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How do wavefunctions deal with energy (of the photon)? 
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#1
Jan3013, 10:41 AM

P: 915

1. Are wavefunctions, in some situations, also assumed to carry energy with them?
2. Can wavefunctions be used to show/validate the law of conversation of momentum/energy? 3. In a single particle double slit/path experiments, if one path is blocked what happens to the wavefunction ? and the energy? 4. Per the debroglie bohm (DBB) interpretation: In de Broglie–Bohm theory, the wavefunction travels through both slits, but each particle has a welldefined trajectory and passes through exactly one of the slits. If the wavefunction (per DBB is hypothesized) is to be travelling through both the slits, how is (the energy of) the photon supposed to be travelling? In single particle interference (for example single particle double slit, or single particle through a MachZehnder) the particle interferes with "itself". The path of the photon is different (when there is interference) than the path when there is no interference. Thus energy must be involved (at least per classical mechanics) during interference. ....to change the path of a photon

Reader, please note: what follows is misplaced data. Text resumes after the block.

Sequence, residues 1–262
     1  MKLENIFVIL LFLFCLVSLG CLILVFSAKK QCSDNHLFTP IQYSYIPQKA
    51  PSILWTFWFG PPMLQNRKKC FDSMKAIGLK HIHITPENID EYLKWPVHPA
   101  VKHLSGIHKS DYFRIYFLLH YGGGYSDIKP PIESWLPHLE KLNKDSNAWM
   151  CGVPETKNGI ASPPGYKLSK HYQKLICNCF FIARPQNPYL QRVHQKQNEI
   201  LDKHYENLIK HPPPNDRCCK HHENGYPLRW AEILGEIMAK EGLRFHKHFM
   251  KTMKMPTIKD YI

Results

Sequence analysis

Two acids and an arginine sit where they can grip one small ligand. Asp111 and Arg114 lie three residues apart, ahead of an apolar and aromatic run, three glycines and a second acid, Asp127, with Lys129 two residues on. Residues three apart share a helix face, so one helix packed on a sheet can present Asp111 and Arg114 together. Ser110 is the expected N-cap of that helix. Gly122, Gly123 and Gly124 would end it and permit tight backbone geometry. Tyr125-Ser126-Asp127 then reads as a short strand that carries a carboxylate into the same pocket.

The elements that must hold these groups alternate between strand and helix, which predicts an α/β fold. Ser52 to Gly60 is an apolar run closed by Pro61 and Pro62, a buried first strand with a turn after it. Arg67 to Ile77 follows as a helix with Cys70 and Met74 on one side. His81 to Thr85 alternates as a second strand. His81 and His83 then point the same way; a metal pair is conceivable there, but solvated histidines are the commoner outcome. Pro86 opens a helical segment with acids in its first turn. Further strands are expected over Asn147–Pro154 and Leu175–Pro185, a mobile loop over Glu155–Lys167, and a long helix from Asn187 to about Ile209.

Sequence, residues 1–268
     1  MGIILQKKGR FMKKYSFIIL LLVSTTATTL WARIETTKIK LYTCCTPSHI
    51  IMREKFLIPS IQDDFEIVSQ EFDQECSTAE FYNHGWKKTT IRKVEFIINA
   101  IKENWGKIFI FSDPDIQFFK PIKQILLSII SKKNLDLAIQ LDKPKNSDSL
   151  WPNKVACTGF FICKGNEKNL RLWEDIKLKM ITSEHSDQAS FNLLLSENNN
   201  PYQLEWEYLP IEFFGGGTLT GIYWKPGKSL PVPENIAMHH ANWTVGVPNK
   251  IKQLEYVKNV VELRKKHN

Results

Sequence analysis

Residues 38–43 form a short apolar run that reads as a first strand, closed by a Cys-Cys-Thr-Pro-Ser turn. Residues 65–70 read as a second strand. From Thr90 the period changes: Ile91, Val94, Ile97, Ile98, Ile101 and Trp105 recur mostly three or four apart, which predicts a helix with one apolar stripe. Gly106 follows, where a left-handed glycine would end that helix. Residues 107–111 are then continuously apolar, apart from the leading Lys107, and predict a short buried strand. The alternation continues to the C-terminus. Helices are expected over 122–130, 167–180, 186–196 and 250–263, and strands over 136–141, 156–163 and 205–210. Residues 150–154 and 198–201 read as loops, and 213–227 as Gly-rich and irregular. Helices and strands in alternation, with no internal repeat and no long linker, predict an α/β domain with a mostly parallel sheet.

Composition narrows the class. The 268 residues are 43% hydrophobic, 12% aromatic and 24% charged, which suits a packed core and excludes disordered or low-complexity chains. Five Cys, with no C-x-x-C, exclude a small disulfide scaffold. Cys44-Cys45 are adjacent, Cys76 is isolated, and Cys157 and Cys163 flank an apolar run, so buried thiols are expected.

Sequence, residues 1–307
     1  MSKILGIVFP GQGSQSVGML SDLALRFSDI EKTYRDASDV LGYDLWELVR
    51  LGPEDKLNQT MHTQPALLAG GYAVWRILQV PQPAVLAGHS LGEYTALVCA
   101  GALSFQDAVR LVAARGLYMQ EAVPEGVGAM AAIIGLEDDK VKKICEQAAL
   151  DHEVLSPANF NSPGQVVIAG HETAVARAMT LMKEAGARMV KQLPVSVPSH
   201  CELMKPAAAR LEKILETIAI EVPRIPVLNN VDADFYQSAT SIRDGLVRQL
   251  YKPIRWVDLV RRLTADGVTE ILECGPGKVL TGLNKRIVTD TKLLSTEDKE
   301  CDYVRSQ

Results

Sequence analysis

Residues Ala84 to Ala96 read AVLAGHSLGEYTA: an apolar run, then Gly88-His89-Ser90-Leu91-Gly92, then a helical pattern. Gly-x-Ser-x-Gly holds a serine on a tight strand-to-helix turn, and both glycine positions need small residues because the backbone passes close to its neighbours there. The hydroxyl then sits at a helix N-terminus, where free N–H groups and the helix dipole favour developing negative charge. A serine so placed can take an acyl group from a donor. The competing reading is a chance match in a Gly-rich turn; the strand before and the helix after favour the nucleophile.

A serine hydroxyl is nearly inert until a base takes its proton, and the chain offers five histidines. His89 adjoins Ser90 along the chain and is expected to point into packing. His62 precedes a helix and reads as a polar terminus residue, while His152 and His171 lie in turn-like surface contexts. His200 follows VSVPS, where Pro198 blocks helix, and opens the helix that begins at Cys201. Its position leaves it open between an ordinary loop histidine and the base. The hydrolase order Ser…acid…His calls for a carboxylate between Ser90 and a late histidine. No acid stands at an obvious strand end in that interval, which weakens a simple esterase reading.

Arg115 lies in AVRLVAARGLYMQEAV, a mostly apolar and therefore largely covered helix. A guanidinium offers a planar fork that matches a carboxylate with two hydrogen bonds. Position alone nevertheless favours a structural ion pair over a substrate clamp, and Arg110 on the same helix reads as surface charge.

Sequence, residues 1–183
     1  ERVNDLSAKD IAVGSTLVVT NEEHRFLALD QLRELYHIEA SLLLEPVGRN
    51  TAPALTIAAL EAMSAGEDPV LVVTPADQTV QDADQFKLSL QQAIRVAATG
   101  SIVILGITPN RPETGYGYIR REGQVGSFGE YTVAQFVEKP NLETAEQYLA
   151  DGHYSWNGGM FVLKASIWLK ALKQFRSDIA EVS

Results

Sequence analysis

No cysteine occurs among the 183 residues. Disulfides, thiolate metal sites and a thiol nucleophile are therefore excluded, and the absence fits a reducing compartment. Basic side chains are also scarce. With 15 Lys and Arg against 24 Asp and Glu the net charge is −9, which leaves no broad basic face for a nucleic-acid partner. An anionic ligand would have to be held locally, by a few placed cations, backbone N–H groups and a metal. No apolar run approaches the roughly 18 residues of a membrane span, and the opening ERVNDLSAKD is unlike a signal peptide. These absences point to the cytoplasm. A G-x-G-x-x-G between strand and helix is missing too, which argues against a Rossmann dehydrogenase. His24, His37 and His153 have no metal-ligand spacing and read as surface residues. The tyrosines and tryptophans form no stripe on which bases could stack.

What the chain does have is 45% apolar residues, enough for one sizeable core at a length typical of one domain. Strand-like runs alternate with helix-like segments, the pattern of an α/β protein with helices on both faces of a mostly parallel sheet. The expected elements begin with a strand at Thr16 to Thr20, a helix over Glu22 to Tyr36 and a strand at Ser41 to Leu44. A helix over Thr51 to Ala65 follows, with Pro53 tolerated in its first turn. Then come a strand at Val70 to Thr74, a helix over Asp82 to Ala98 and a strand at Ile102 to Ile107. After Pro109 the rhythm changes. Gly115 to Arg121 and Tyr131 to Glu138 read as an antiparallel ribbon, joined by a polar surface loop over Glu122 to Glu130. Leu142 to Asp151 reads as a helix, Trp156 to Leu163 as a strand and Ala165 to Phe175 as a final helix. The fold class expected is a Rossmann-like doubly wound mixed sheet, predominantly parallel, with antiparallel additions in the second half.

#2
Jan3013, 12:12 PM

P: 842

I think you should clearly distinguish between *forces*, which are what deflects particles' trajectories in classical mechanics, and *energy*, which is just a property of a particle's motion. The status of forces in quantum mechanics is actually quite interesting. Namely, force isn't a concept that really enters into quantum mechanics at all. Instead we deal with potential energy (force is the gradient of potential energy). 


#3
Jan3113, 01:27 AM

P: 915

So, in the above case: Is the energy of the photon prior to encountering the slit different than later? ...because part of the energy has been absorbed (or reflected) by the obstacle...(?) 


#4
Jan3113, 05:11 PM

P: 842

How do wavefunctions deal with energy (of the photon)?
1) the photon has passed through the open slit, maintaining the same energy it had before, or 2) the photon has been absorbed by the obstacle and destroyed, or 3) the photon has been reflected by the obstacle and has the same energy it had before. 


#5
Feb113, 03:13 AM

P: 915

thanks The Duck
Re:The part of the wavefunction that is absorbed (by the obstacle); what happens to the energy carried/associated with it? ....say, per the wavefunction treatment 


#6
Feb113, 09:46 PM

P: 842

It sounds like you are under the impression that the energy is spread out throughout the wave function in some fashion, so that we could say something like, "our photon has a total energy of 6 eV, 4 eV of which is carried by this part of the wave function and 2 eV of which is carried by this other part of the wave function." This is not the case.
When part of the wave function hits a barrier and is absorbed, and the other part doesn't, the interpretation is "with some probability the photon has been absorbed by the barrier and deposited all 6 eV of its energy, and with some probability the photon has missed the barrier, carrying all 6 eV of its energy with it and depositing none in the barrier." As a somewhat glib and inaccurate summary: the wave function is made of probability, not energy. 


#7
Feb113, 09:57 PM

P: 915




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